Andrew Chesney


Andrew Chesney


Senator Chesney’s Week in Review

Governor Proposes $3 Billion Spending Increase During Budget Address
On Feb. 15, Governor JB Pritzker proposed his fifth budget to the Illinois General Assembly during his annual Budget and State of the State Address. While he painted an idealistic image of Illinois’ fiscal outlook, he failed to address the looming realities the Illinois economy is likely to see.

The plan laid out by the Governor increases permanent state spending by $3 billion, despite expert warnings of decreased revenue likely to be brought on by a recession. In the last few years, Illinois has benefited from a massive influx of federal dollars and increased revenues due to COVID-19 relief programs and inflation. But Senator Andrew Chesney (R-Freeport) says those days are about to end, and the Governor is failing to account for these realities.

Despite these very real threats, the Governor’s outlined budget plan further expands state government—an increase of more than $10 billion since he took office. While the Governor’s professed goals of funding priorities like early childhood programs and public safety initiatives are laudable, Senator Chesney reiterates the importance of focusing on creating a sustainable budget that will not spend Illinois residents into a major tax increase. Senator Chesney says a larger conversation is needed about structural reforms that will allow the state to protect future investments and prioritize spending within its means.

Following the Governor’s speech, Senator Chesney issued the following statement:

“The people I represent in Northwest Illinois are looking for substantive, permanent tax relief. But rather than hearing a proposal that would put more money back in Illinois citizens’ pockets, our Governor is channeling taxpayer dollars toward illegal aliens who visit welcome centers across our state. The South Beloit Welcome Center is in my district, and I will oppose any effort to channel taxpayer funds to illegal immigrants.

“We clearly saw a Governor that was speaking like he was on a national stage. These next few years will be about positioning himself as one of the most liberal-minded Democrats this nation has ever seen so he can run for President. He’s not looking toward the future of Illinois as much as he’s looking toward the 2024 South Carolina primary. What he failed to mention is that his greatest achievement so far is the investment his policy decisions have had on U Haul, as Illinoisans continue to move out of Illinois in alarming numbers.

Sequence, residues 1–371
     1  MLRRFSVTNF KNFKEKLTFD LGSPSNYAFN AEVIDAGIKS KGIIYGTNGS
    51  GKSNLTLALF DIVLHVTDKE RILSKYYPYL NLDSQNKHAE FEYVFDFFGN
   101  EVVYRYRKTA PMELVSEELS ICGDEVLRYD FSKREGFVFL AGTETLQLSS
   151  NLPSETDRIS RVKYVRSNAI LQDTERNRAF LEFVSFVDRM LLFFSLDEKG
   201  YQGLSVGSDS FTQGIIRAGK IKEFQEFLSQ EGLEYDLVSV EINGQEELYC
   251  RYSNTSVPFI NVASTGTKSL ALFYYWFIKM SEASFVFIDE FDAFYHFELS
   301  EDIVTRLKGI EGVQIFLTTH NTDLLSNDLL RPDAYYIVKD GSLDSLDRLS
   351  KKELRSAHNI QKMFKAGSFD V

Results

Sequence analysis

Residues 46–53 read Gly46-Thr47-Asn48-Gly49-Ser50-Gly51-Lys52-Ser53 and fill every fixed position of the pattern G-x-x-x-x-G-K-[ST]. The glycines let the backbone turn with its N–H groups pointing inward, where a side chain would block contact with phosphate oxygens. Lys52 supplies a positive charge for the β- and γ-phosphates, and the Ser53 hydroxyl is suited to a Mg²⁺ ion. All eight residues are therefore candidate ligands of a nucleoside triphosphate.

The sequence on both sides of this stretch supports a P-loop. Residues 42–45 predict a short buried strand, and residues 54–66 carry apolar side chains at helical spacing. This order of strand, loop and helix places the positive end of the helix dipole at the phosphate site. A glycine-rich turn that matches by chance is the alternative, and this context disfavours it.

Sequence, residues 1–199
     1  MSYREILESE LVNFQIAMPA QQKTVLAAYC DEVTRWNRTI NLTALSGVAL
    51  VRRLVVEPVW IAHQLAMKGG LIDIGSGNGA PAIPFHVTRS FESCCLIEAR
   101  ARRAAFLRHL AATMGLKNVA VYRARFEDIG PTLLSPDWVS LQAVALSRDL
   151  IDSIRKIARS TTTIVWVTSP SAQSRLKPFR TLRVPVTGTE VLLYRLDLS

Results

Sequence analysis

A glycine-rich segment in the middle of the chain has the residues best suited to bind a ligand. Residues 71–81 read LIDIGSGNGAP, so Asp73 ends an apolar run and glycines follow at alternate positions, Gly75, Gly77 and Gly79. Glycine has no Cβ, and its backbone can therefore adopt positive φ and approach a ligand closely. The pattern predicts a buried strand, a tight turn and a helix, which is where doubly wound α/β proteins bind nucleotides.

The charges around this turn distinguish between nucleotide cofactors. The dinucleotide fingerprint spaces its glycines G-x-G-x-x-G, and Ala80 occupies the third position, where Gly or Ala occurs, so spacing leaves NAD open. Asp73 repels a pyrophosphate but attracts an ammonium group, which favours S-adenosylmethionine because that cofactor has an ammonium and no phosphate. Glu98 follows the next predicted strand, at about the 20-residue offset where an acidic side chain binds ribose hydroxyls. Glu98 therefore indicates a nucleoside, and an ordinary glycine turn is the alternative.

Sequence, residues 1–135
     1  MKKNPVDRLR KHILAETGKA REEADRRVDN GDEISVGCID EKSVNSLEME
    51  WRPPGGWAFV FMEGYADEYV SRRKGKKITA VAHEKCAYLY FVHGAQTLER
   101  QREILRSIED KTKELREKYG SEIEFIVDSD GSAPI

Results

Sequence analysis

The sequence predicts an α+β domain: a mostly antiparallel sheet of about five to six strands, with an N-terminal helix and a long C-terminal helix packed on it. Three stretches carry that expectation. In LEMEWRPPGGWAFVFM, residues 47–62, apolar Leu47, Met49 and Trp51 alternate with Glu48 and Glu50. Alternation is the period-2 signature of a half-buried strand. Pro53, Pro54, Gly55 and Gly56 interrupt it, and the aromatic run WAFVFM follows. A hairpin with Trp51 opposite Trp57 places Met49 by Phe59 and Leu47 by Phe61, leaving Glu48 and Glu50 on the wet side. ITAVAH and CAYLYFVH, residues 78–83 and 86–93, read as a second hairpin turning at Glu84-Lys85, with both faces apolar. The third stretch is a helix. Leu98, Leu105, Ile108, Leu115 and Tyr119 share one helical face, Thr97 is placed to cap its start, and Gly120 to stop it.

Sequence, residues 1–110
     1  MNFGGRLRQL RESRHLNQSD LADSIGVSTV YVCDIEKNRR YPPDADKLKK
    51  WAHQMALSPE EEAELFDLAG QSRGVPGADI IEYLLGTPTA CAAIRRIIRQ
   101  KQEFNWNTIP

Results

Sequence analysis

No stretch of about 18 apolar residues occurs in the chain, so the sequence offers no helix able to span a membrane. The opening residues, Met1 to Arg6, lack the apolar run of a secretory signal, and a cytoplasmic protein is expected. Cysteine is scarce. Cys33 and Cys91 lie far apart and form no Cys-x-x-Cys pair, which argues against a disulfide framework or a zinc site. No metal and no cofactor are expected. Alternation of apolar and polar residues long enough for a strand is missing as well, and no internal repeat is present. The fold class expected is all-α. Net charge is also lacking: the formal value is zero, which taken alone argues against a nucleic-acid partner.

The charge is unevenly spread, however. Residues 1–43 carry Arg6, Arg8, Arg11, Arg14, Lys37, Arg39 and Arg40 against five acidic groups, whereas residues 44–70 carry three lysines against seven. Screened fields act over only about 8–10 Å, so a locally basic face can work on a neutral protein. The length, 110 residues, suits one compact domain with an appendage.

“These are not the kinds of issues people are calling my office about when they suggest areas for state spending. The people who call my office are just wanting an honest state government that provides adequate funding for critical areas like education, economic development, and assistance for the disabled.

“Illinois is a state with so much untapped potential, and we have the ability to put our state back onto a path where the benefits of living here are limitless. That path begins with policies that encourage job growth and unleash the entrepreneurial spirit.”

Senator Chesney has filed an aggressive legislative agenda for 2023 that attempts to reverse and scale back policies he claims have put Illinois on the wrong path. His bills include measures that protect Second Amendment rights, increase support of law enforcement officers, strengthen penalties for those convicted of heinous and violent crimes, and strengthen ethics laws. All would be accomplished without new taxes.

The U.S. Celebrates American Heart Month!
February is American Heart Month, a designated period when the U.S. strives to address the number one killer of Americans – heart disease. This month has been declared by the president for the past 59 years, and this year the focus will be on the importance of CPR. More than 350,000 cardiac arrests occur outside a hospital and 70 percent of those occur at home. Meanwhile, performing CPR can double or triple the chance of survival for a person in cardiac arrest.

This year, the American Heart Association has issued a nationwide challenge for every household to have at least one person know how to perform CPR. A simplified version called Hands-Only CPR has been shown to be as effective in the first few minutes of treatment, and has only two steps. This simplified version stresses that the most important part of CPR is to keep the heart beating through chest compressions at approximately 100 beats per minute.

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